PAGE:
当时的美国乔·拜登参议员在承认抄袭和夸大其学术成绩后退出 1988 年的总统竞选。
When former U.S. Sen. Joe Biden of Delaware announced his candidacy for the 2020 Democratic presidential nomination, it did not mark not his first attempt to gain election to the highest office in the U.S. He also sought the Democratic nomination in 2008 but dropped out well before the convention after a poor showing in the Iowa Caucus. He was then chosen to be nominee Barack Obama’s running mate and went on to serve two terms as vice president.
Biden also sought the U.S. presidency in 1988, although his candidacy was cut short by accusations he had plagiarized material and exaggerated his academic record. These “character issues” re-surfaced in partisan social media posts that proliferated after Biden launched his 2020 presidential bid in April 2019. Facebook pages with names such as “Elect Trump 2020,” “Breitbart’s Bunker,” and “Being Libertarian” shared a video clip they maintained showed Biden announcing in 1988 that he was bowing out of the presidential campaign:
This TV news snippet does, in fact, show Biden at a press conference announcing his withdrawal from the 1988 presidential race, although it actually took place on 23 September 1987 and not in 1988, as stated in the Facebook post. (A full video of the press conference is available on C-SPAN.org.)
The lede of the Chicago Tribune‘s report on Biden’s withdrawal read as follows:
Sen. Joseph Biden of Delaware, whose campaign for president has been damaged by admissions of plagiarism and embellishing his academic record, withdrew from the race for the 1988 Democratic nomination, saying the “exaggerated shadow” of his mistakes had begun “to obscure the essence of my candidacy.”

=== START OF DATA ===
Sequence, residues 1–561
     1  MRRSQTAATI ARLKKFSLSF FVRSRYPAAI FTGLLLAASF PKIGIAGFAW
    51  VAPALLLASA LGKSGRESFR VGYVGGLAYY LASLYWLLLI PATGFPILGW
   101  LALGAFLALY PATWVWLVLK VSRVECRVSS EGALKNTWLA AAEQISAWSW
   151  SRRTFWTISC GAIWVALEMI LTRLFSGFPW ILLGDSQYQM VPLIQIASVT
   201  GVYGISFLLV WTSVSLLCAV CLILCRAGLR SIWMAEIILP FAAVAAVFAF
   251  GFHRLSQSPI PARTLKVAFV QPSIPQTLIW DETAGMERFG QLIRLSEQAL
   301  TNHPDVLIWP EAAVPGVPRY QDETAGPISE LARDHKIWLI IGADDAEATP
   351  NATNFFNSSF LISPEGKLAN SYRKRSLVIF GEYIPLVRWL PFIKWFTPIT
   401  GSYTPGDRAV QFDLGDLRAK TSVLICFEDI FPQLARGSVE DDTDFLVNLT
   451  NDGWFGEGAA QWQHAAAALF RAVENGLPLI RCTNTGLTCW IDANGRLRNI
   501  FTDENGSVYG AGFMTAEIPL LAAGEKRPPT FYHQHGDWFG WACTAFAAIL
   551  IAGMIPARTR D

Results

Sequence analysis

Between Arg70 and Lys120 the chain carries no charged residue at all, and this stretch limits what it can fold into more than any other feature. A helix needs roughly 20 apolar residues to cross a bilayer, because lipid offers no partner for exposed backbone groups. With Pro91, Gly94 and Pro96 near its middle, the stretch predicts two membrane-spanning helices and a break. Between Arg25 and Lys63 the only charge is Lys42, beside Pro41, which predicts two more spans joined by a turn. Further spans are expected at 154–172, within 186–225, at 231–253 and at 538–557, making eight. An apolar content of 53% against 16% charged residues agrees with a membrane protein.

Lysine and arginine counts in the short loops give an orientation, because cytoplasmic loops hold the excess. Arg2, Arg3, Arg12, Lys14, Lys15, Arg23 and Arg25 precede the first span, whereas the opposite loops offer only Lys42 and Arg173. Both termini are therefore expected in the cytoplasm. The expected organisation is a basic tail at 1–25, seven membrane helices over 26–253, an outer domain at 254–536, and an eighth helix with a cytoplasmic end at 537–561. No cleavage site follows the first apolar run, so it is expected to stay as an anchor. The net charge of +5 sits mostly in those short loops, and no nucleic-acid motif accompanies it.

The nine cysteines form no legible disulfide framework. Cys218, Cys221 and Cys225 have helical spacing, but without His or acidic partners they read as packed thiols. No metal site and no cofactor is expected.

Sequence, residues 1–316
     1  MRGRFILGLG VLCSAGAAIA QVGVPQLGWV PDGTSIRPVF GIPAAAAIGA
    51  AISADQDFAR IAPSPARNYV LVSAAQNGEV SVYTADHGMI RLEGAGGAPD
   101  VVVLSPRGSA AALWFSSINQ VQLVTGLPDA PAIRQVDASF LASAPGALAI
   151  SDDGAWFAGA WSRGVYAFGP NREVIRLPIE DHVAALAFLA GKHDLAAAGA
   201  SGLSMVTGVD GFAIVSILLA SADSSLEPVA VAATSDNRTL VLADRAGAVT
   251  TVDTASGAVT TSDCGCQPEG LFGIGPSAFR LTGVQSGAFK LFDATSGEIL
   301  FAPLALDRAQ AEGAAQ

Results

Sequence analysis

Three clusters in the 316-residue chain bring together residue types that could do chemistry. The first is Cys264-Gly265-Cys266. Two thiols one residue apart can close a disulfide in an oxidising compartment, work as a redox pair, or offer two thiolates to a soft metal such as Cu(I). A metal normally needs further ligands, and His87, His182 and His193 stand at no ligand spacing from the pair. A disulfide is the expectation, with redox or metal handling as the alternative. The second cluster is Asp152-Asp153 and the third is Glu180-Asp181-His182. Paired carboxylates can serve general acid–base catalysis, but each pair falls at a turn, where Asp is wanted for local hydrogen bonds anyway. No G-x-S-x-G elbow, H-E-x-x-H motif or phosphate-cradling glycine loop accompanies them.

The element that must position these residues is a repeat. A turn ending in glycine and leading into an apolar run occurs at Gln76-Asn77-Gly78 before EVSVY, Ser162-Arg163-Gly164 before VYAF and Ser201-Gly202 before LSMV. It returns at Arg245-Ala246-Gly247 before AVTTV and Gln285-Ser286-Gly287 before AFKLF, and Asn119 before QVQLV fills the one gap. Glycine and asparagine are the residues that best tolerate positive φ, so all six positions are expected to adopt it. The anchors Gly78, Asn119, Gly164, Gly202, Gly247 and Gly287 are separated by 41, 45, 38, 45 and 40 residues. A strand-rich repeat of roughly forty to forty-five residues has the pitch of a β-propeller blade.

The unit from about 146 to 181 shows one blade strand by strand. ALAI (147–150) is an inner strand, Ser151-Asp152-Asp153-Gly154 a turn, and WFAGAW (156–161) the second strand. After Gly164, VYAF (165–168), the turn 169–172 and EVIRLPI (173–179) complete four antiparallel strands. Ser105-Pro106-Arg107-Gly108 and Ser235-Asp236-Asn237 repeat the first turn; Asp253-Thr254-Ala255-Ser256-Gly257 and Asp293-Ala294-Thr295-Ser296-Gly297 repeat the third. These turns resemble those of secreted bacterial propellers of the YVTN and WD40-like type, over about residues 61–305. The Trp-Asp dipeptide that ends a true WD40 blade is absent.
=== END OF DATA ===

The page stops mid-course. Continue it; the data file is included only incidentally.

Biden, 44, called a news conference to say he was ending his campaign with “incredible reluctance” and that he was “angry at myself for having to make this choice” between running for president and leading the fight against the nomination of Judge Robert Bork to the U.S. Supreme Court.
Biden also claimed in the New Hampshire speech that he had attended law school “on a full academic scholarship,” but the records show his scholarship only covered about half of his tuition.
Biden said he was “frustrated” and “angry as hell” about the media reports. “I exaggerate when I’m angry, but I’ve never gone around telling people things that aren’t true about me,” he told the New York Times. “It’s so easy to make things look like there’s something sinister about them.”
But the damage was done. On 23 September 1987, two days after the discrepancies between his public statements and the academic record were reported, Biden announced his withdrawal from the race. He admitted making mistakes — unintentional mistakes, he said — but insisted that the public’s perception of his character had been skewed by the “exaggerated shadow” of his mistakes as portrayed in the press and by his political opponents.
He would later write in his memoir, Promises to Keep: On Life and Politics (Random House, 2007), that he only had himself to blame:
When I stopped trying to explain to everybody and thought it through, the blame fell totally on me. Maybe the reporters traveling with me had seen me credit Kinnock over and over, but it was Joe Biden who forgot to credit Kinnock at the State Fair debate. I had been immature and skipped class and blown the Legal Methods paper. I was the one who thought it was good enough to just get by in law school. I lost my temper in New Hampshire. What I’d said about my academic achievements was just faulty memory or lack of knowledge. I hadn’t remembered where I finished in my law school class. I hadn’t cared. But to say “Wanna compare IQs?” was so stupid. All of it was my fault, and I didn’t want to compound the mistakes.